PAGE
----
Imposter Syndrome: Am I a Fraud?

As a college student at a prestigious university, it is common for people to automatically think of you as a naturally smart, brilliant student. You hear things like, “Well you got into The Ohio State University, so you must be smart!” These phrases are especially common among students in majors that are infamously difficult, like engineering, any type of science, and so many more. When I tell people that I’m a math major, they often respond with, “Wow, you must be so smart!” or “I could never do that!” People assume that I am some sort of genius. What they don’t know is that I don’t feel like a genius at all. Hell, I don’t even feel smart. And neither do a lot of the people who receive these types of comments. People assume that if you are in hard major, it’s easy for you and you get As in all of your classes and don’t struggle at all. Truth is, I got a C- in my first math course that I took at OSU. Often times, this leaves me feeling like a fraud. Everyone thinks that I’m so smart, but I don’t feel smart. Am I lying to them? Letting them believe something that isn’t true? Do I even deserve to be here? If you relate to any of these feelings of inadequacy, you may be experiencing something called Imposter Syndrome.

What is imposter syndrome? Imposter syndrome is characterized by an inability to internalize accomplishments and a persistent fear of being exposed as a “fraud.” It is extremely common among college students, and is often not talked about. But constantly second guessing all of your accomplishments and questioning your worthiness can have a severe impact on your mental health, and can lead to anxiety and/or depression. This is why imposter syndrome is important to be addressed, and it is important to realize that you are most definitely not the only one feeling this way. Imposter syndrome is something that can be overcome, and below I will list some tips and techniques I found from an article ( to overcome imposter syndrome and embrace everything that you deserve.

  1. Accept that you’ve had some role in your successes. You feel like a fraud because you believe that everything you did to get you where you are today was just pure luck, or chance. But it’s important to realize that you did do something to get you where you are. You wrote all the application essays, you passed all the necessary classes (even if barely), and you said yes to things when you could have said no. You got to where you are today based on your own decisions, not just chance. And that’s pretty freakin awesome.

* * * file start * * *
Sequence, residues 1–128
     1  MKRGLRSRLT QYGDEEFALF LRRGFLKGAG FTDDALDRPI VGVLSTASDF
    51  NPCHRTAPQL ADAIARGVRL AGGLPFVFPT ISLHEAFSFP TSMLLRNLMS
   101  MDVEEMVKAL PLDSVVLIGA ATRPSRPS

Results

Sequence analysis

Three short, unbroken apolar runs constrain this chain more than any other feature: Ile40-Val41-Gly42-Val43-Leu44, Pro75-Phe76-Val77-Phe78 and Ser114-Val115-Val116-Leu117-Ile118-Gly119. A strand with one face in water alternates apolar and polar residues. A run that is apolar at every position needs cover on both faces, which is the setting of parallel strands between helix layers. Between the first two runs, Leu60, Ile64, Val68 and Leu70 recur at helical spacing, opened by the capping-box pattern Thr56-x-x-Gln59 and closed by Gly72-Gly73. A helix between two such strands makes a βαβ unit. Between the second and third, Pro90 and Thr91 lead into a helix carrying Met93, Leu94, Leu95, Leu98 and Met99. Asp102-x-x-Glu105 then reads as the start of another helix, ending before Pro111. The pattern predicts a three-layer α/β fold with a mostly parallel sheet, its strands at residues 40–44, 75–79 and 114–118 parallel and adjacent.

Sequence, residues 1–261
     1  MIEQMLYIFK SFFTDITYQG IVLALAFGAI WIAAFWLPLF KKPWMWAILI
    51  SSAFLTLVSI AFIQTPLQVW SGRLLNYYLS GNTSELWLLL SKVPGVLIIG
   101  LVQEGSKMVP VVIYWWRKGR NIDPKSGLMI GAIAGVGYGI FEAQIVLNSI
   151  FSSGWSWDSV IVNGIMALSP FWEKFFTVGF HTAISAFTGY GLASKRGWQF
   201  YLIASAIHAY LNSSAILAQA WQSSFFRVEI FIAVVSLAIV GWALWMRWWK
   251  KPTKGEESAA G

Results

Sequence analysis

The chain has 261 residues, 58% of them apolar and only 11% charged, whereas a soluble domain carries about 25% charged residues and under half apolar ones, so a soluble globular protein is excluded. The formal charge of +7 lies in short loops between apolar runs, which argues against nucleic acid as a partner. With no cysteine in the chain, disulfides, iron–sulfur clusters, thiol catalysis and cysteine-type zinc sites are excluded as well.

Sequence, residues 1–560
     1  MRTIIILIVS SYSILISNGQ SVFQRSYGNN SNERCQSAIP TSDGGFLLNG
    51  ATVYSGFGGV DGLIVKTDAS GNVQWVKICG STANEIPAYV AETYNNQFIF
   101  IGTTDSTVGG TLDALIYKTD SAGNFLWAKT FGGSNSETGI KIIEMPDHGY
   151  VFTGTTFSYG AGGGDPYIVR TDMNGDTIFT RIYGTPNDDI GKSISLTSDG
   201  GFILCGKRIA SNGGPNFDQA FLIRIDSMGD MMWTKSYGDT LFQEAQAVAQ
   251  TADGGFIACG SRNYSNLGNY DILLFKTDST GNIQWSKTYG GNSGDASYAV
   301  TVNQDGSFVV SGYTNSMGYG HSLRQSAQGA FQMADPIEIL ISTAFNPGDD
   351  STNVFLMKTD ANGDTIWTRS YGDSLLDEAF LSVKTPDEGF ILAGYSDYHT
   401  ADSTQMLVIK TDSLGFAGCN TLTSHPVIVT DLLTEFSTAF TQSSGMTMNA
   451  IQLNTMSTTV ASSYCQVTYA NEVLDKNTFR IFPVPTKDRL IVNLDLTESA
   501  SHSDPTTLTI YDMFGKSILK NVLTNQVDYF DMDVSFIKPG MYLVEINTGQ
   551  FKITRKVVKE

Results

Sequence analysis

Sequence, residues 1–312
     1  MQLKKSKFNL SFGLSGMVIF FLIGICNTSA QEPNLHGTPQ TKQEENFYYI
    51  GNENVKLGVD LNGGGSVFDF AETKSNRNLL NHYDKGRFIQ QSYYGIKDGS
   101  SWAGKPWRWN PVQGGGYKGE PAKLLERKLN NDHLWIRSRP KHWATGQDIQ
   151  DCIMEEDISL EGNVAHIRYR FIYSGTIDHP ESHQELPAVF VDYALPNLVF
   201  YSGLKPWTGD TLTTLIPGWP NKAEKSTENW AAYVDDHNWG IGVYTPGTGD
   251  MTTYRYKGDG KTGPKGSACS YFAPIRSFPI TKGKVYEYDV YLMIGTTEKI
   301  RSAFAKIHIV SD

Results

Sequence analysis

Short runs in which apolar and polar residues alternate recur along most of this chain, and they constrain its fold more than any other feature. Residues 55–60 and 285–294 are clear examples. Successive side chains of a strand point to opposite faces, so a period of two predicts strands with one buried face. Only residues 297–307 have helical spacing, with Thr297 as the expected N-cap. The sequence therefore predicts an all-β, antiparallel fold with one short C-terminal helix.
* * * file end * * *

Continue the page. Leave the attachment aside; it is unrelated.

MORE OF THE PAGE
2. Remember: being wrong doesn’t make you a fake. The best basketball players miss most of the shots they take. Making mistakes and messing up sometimes doesn’t mean that all of your achievements have been fraudulent, or that you don’t deserve to be where you are. It just means that you’re human. Nobody is perfect, and it’s important that you don’t expect yourself to be either.
  3. Take action. Being actively aware of the negative thoughts that you are having and the impact that they are having on you can go a long way in not letting them have such a strong impact. Facing those thoughts and saying, “you know what, screw you, I’ve worked damn hard to get where I am today,” can be a powerful tool in overcoming imposter syndrome. Recognizing those self-doubting thoughts and stopping them in their tracks is a great way to take your confidence back.
  4. Find one person you can say, “I feel like a fraud” to. This can actually be really helpful, especially when the thoughts that are leading you to believe you are a fraud tend to be a bit irrational. Expressing this thought to another person and receiving their input, probably on how you are absolutely not a fraud, can be a huge help.
  5. Sometimes faking things actually does work. Ever heard of the phrase “fake it till you make it”? Everyone does it! No one knows everything about everything, so sometimes you just gotta fake it till you know enough. This does not at all make you a fraud. It makes you normal. It makes you eager to learn more and gives you a place to sit while you get there.

These tips may not be a cure-all for imposter syndrome, but I think they can be useful in leading to healthier thinking. Nobody knows what they are doing, and everyone doubts themselves sometimes. But it’s important to take credit for the accomplishments that you do make, and to learn to believe in yourself through times of strife. You will be ok. You are not a fraud, and you deserve to be here.


Counseling and Consultation Services:
Dennis Learning Center:
Career Counseling and Support Services: